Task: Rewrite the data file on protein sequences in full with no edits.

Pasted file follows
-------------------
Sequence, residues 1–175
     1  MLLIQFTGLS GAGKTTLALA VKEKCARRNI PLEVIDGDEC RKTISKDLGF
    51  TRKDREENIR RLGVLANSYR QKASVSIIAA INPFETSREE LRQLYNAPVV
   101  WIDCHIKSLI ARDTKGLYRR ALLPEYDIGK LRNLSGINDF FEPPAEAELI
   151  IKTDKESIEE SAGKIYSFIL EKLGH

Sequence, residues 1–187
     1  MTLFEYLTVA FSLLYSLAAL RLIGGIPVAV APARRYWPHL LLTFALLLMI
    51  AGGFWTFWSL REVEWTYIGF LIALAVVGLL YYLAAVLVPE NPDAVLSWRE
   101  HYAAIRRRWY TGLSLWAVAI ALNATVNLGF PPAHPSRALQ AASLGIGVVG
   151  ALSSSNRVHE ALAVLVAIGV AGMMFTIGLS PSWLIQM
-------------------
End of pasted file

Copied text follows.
Sequence, residues 1–175
     1  MLLIQFTGLS GAGKTTLALA VKEKCARRNI PLEVIDGDEC RKTISKDLGF
    51  TRKDREENIR RLGVLANSYR QKASVSIIAA INPFETSREE LRQLYNAPVV
   101  WIDCHIKSLI ARDTKGLYRR ALLPEYDIGK LRNLSGINDF FEPPAEAELI
   151  IKTDKESIEE SAGKIYSFIL EKLGH

Sequence, residues 1–187
     1  MTLFEYLTVA FSLLYSLAAL RLIGGIPVAV APARRYWPHL LLTFALLLMI
    51  AGGFWTFWSL REVEWTYIGF LIALAVVGLL YYLAAVLVPE NPDAVLSWRE
   101  HYAAIRRRWY TGLSLWAVAI ALNATVNLGF PPAHPSRALQ AASLGIGVVG
   151  ALSSSNRVHE ALAVLVAIGV AGMMFTIGLS PSWLIQM